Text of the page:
Movie Review: “The Paperboy”

ImageThe stars of “The Paperboy,” the ones who did their due diligence anyway, must be kicking themselves. They didn’t get to work with the Lee Daniels who directed the Oscar winning “Precious,” but were stuck with the Lee Daniels who embarrassed two Oscar winners in the film he made before that, “Shadowboxer.”

“The Paperboy” is a sordid, seamy Cracker Gothic murder mystery, a brutishly overwrought melodrama that plays like Tennessee Williams on absinthe. Perverse, pretentious and plodding, it’s a dirty little psycho-sexual period piece set in the barely air-conditioned Florida of the late 1960s.

In an ineptly-acted and written framing device, a documentary filmmaker interviews Anita (Macy Gray) who tells the story of murder, justice and sexual perversion in fictional 1969 Moat County, Florida. That’s where a rough customer was given the death penalty for a murder his prison pen pal paramour (Nicole Kidman, at her most overripe) is sure he did not commit.

She’s convinced some Miami journalists — played by Matthew McConaughey and David Oyelowo — to look into lost evidence in the case of a murdered local sheriff. And that’s how she meets paperboy Jack, the son of the small town newspaper publisher (Scott Glenn) who apparently just this week decided to grow his sideburns out.

Charlotte (Kidman) is sex incarnate, a 40something vulture who likes her men rough and doing time.

“I thank straight harrr gives me cla-yessss,” she drawls. Her industrial-strength makeup tells us different.Jack is smitten with Charlotte. Charlotte teases the big city reporters, and tempts the convicted killer (John Cusack, who has never looked rougher). Daniels stages a prison visit involving reporters, Charlotte and convict that may be the most absurdly over-the-top no-touch sex encounter ever staged.

Characters blow up, at the drop of a hat, make huge leaps through the holes in the plot and try on accents that they have the good sense to abandon because they don’t give them “clay-essss.”

The Philly native Daniels loses himself in Southern similes, some of which he gives to the British-accented Miami Times reporter (Oyelowo of “Red Tails”).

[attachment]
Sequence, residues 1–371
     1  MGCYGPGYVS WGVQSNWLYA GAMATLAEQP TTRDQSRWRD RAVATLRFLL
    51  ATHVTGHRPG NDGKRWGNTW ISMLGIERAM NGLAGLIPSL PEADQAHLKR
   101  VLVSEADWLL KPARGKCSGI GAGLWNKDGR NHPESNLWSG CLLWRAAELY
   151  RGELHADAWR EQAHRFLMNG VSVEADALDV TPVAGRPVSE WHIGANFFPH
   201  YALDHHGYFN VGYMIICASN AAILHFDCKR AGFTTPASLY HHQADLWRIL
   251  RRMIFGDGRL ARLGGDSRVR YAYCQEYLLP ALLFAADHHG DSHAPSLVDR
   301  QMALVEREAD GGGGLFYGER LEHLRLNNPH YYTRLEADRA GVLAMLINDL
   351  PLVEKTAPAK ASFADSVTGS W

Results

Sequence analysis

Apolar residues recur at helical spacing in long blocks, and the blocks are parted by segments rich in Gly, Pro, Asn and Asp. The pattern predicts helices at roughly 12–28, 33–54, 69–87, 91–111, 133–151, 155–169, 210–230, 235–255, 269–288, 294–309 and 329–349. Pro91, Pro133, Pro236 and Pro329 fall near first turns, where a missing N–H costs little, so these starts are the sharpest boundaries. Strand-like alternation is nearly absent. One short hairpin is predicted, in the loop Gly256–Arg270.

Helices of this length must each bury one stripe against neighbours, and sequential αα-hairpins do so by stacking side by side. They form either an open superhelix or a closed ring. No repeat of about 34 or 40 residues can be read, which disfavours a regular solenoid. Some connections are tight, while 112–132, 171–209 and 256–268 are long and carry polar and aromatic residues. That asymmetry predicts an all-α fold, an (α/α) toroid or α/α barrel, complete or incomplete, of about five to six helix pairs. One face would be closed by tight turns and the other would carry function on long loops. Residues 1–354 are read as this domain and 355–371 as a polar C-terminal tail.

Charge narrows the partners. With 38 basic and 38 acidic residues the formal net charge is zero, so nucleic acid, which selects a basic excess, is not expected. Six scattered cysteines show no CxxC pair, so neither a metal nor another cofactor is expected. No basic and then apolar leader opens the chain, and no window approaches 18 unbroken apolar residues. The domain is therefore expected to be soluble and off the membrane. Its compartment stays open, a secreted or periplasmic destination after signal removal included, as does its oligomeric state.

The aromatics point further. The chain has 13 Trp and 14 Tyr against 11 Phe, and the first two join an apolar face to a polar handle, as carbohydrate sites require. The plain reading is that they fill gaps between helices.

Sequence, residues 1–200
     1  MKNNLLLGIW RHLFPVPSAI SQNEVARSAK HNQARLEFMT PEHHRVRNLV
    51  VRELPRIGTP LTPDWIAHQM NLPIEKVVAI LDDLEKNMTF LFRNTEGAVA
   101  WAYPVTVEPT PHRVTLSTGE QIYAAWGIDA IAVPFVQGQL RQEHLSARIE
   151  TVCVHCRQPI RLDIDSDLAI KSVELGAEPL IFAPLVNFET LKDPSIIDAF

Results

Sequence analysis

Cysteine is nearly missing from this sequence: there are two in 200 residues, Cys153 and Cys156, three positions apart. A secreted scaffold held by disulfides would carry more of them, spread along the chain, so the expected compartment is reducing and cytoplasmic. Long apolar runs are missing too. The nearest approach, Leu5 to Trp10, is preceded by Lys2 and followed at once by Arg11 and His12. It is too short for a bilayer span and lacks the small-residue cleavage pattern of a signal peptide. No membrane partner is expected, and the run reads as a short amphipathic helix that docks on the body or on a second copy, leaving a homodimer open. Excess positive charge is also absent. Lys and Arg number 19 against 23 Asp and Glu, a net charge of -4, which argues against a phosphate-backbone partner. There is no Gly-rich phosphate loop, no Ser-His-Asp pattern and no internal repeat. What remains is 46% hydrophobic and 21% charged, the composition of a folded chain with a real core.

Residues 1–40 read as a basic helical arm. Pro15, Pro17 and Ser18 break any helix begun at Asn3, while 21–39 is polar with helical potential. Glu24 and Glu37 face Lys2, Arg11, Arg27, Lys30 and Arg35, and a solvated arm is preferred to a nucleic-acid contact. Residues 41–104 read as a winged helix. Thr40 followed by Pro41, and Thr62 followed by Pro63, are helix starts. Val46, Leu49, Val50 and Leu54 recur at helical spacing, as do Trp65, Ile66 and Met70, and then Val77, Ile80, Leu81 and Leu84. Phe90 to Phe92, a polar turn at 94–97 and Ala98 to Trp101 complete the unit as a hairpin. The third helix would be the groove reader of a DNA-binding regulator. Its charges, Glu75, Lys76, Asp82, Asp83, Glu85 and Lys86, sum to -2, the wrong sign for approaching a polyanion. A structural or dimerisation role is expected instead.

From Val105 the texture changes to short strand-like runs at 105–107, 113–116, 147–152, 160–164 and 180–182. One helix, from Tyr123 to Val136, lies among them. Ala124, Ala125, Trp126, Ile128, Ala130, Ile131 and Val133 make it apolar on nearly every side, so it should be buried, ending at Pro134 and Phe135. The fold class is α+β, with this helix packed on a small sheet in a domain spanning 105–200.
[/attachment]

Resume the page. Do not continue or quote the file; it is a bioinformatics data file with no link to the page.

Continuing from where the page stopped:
“I’m sweatin’ like a pregnant nun back home.”

Gray, who narrates (badly), was the maid to the family that Glenn heads, the house that siblings played by Efron and McConaughey grew up in. Race bubbles to the surface in this cauldron as “white trash” mingles freely with “The Help,” and the N-word is dropped here and there.

Daniels, working from a Pete Dexter novel, wallows in the sweat, the short skirts and bodily fluids. He’s visiting an alien land, one in which all his surreal touches (a jellyfish attack, and its “treatment”) can’t disguise his unfamiliarity with the people and the place. The brown water beaches and swamps don’t look anything like any part of Florida. And sticking characters out in swamps where there is no road that would account for vehicles, home construction or the like, is bayou boneheaded.

The odd utterly pointless scene — characters, in their underwear, dancing in the rain — merely adds to the sense that the actors didn’t realize the director/emperor had no clothes. Until it was too late.

MPAA Rating:R for strong sexual content, violence and language

Cast: Zac Efron, Nicole Kidman,  Macy Gray, Matthew McConaughey, David Oyelowo, John Cusack

Credits: Directed by Lee Daniels, written by Pete Dexter and Lee Daniels, based on Dexter’s novel. A Millenium release. Running time: 1:47

About Roger Moore

Movie Critic, formerly with McClatchy-Tribune News Service, Orlando Sentinel, published in Spin Magazine, The World and now published here, Orlando Magazine, Autoweek Magazine
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